I'm interested from hearing from everyone who reads this.

Who is checking LW's Discussion area and how often?

1. When you check, how much voting or commenting do you do compared to reading?

2. Do bother clicking through to links?

3. Do you check using a desktop or a smart phone?  Do you just visit the website in browser or use an RSS something-or-other?

4. Also, do you know of other places that have more schellingness for the topics you think this place is centered on? (Or used to be centered on?) (Or should be centered on?)

I would ask this in the current open thread except that structurally it seems like it needs to be more prominent than that in order to do its job.

If you have very very little time to respond or even think about the questions, I'd appreciate it if you just respond with "Ping" rather than click away.

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64 comments, sorted by Click to highlight new comments since: Today at 10:49 PM

Here, have a poll.

How often do you check the LW discussion forum?


Do you just read, or also vote or comment?


Do you bother clicking through to links?


How do you mainly read LW discussion?


Do you know of other places that make better Schelling points for LW-ish topics?


I appreciate the poll, but a large part of my goal was to just get a lot of comments, hopefully at the "Ping" level, because I want to see how many people are here with at least that amount of "social oomph" when the topic is themselves.

For people responding to this poll, please also give a very small overall comment that you used the poll.

For the avoidance of doubt, I did fill in my own poll. (I'm not quite sure what the point is of getting a lot of comments, but never mind.)

I did the poll

Did the poll.

used poll.

Used the poll

Took the poll.

I was polled.

You know, I barely checked LW from 2015 to 2020, and now I check it like, every time I feel like I need some novelty refresh, almost as much as I do Twitter... It has definitely improved since a few years ago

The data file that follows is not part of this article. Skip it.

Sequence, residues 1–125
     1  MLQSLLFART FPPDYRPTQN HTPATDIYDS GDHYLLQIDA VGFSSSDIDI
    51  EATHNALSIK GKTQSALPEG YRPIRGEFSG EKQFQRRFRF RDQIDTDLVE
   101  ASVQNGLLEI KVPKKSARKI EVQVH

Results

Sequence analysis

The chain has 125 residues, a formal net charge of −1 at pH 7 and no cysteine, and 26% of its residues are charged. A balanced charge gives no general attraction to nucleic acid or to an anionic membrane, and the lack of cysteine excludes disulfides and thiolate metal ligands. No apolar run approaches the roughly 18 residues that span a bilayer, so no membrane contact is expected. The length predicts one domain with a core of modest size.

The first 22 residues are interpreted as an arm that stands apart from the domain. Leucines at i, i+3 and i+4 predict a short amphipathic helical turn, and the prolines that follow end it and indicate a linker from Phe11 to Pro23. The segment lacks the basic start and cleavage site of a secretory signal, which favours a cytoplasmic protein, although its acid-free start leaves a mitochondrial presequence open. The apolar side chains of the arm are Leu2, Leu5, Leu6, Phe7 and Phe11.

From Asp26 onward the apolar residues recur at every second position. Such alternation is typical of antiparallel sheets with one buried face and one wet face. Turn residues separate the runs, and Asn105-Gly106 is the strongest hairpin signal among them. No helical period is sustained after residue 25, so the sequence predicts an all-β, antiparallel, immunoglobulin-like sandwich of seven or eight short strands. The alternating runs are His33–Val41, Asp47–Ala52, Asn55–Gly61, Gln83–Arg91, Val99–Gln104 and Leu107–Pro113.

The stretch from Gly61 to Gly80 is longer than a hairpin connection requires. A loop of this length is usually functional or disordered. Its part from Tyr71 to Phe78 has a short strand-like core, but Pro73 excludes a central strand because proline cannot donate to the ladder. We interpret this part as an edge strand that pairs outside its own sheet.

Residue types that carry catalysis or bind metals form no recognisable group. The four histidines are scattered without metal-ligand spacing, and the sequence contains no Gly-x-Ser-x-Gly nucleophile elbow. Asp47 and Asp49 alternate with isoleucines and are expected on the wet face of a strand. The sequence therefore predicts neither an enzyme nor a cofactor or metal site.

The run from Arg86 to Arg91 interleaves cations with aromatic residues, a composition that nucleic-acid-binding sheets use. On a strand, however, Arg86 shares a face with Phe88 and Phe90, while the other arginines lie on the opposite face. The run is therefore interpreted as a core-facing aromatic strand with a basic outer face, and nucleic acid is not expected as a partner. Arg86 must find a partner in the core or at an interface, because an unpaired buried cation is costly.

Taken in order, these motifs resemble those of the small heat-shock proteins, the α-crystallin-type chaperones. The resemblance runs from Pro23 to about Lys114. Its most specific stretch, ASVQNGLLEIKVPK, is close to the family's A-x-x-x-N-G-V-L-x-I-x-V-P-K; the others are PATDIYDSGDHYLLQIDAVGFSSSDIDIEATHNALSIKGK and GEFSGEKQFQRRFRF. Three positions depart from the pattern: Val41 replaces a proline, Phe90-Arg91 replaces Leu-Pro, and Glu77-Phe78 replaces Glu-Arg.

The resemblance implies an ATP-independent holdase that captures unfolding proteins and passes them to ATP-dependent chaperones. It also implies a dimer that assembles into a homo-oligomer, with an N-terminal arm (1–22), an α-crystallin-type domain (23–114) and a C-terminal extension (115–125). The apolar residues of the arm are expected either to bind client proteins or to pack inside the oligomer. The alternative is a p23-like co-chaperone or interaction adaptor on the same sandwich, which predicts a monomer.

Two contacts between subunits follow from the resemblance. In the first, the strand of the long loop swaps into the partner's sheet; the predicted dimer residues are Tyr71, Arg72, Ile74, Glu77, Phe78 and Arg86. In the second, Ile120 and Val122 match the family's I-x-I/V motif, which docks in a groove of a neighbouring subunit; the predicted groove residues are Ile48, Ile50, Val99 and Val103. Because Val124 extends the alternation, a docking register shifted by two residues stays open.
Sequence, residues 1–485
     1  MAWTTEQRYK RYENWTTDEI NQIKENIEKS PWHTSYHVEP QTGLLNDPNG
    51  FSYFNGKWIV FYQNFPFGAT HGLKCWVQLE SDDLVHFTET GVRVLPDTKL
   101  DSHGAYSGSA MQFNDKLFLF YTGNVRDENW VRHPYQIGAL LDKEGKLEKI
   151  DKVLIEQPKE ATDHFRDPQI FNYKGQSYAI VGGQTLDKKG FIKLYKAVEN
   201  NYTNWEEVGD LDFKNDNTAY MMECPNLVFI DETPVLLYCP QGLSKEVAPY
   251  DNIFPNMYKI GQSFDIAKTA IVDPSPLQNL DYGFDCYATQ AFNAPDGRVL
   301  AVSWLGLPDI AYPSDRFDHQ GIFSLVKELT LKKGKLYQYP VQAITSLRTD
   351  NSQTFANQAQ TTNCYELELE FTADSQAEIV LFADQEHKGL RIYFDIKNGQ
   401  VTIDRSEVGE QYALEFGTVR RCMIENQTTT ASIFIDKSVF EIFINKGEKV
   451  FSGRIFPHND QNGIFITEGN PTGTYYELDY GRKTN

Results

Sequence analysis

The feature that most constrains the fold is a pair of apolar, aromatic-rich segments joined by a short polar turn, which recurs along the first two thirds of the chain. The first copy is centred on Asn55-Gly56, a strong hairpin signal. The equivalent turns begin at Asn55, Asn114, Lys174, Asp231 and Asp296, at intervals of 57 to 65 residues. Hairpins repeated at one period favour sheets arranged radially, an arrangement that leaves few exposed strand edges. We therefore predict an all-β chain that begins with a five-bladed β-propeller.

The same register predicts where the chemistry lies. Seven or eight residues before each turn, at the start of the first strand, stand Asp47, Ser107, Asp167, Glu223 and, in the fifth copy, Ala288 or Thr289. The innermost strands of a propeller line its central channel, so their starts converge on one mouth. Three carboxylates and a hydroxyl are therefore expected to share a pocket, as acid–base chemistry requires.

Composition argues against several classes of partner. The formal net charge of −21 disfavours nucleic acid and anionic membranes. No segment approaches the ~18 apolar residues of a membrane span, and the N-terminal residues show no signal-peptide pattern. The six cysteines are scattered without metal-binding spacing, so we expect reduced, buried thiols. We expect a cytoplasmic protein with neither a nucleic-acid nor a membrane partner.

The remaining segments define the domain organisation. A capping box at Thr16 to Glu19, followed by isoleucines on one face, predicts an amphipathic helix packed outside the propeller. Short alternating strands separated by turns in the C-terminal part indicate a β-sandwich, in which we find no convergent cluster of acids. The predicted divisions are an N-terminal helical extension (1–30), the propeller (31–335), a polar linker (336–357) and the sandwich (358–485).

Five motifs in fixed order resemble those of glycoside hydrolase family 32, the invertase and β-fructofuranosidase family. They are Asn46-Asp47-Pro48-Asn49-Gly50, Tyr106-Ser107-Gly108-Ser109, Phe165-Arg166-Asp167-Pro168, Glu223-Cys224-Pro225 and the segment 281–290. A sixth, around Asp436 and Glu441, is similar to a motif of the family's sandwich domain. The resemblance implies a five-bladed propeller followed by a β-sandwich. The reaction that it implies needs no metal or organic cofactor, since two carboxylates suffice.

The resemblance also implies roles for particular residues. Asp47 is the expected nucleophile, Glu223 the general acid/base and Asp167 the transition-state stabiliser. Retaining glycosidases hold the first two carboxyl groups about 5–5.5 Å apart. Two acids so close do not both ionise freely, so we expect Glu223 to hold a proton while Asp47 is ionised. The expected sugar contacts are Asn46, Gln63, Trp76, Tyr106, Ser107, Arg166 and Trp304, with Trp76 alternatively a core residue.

when I visit LW, I am almost always using a desktop computer. sometimes whole months go by without my visiting LW. to see what is new on LW, I scan http://lesswrong.com/r/all/recentposts/ (which mixes discussion and main). I never look at Open Thread posts. added: I took the poll.

Polled. And I think the polling has a higher response rate than even a simple "ping" because of peoples curiosity what others may have answered. This is already confirmed by the rate of votes in the poll.

I'm here since 2013 and used to write a fair number of polls and comments. Haven't written much lately (quite typical in that regard during the decline phase of LW). But I like the link aggregator revival. I think it works. I posted a few links myself. And continue to check about once a day.

I never used RSS readers so the current mode is very useful for me as it provides access to high quality posts from all over the rationalverse (I check OB manually as there seems to be no links to those posts).

I visit /discussion every 1-2 days on my laptop, typically spend a few seconds and then move on to something else. Sometimes I click through links or read posts if they look interesting, probably averaging ~1/day. I'm more likely to read posts with comment threads, and more likely to read posts than links. I rarely comment or vote.


I used to just view.

Now, I'm making an intentional effort to engage more with things. I think a community norm of voicing even simple agreement / appreciation can make this place a more enjoyable place to be.

Do you have a causal theory as to what changed your intention? If so, I'm curious to know how it seemed to work.


Hmm. Well, I figure a community tends to be more fun when people are actively responding to things. I know I'd show up here more often if I knew that my ideas would get bounced off of by others.

At the same time, I'd been writing my own thoughts up on rationality, and I'd gotten to a point where I thought these ideas might be interesting to the LW audience.

Then the Anna post on LW becoming a central locus showed up, and i thought, "hey, this is cool, things are lining up well." (Which also triggered more thoughts about the community)

So basically a combination of the above tree things.

I use a feed reader, so I check out almost all the posts and links. I click through to the comments on almost all of them as well, since that's the real point.

The reddit /r/slatestarcodex community is very active too, and I like that.

If you don't mind more questions... Which feed reader? Also do you look mostly for activity? Do you know of places with good quality/noise ratios, even if they are not very active?

I use Inoreader which is paid and web-based, but has browser plugins. I wouldn't say I "mostly" look for activity, since time is limited. The Open Thread on slatestarcodex.com is extremely active, I think it gets about 200 comments per day, but I don't frequently browse it. Slate Star Codex and Less Wrong are the only actual "communities" in my feed reader. The others that are directly or tangentially related are blogs, and most blogs don't really engender that much discussion.